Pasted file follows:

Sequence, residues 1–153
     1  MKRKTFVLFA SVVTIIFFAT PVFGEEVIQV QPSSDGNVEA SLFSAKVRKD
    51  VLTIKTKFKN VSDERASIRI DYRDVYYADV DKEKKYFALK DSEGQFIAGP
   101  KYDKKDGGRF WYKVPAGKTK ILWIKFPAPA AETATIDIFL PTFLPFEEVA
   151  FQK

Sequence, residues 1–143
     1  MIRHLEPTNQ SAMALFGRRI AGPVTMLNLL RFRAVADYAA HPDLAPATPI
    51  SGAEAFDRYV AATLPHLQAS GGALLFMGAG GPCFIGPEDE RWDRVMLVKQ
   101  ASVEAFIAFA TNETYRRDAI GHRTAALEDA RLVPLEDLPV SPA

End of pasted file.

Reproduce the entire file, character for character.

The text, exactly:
Sequence, residues 1–153
     1  MKRKTFVLFA SVVTIIFFAT PVFGEEVIQV QPSSDGNVEA SLFSAKVRKD
    51  VLTIKTKFKN VSDERASIRI DYRDVYYADV DKEKKYFALK DSEGQFIAGP
   101  KYDKKDGGRF WYKVPAGKTK ILWIKFPAPA AETATIDIFL PTFLPFEEVA
   151  FQK

Sequence, residues 1–143
     1  MIRHLEPTNQ SAMALFGRRI AGPVTMLNLL RFRAVADYAA HPDLAPATPI
    51  SGAEAFDRYV AATLPHLQAS GGALLFMGAG GPCFIGPEDE RWDRVMLVKQ
   101  ASVEAFIAFA TNETYRRDAI GHRTAALEDA RLVPLEDLPV SPA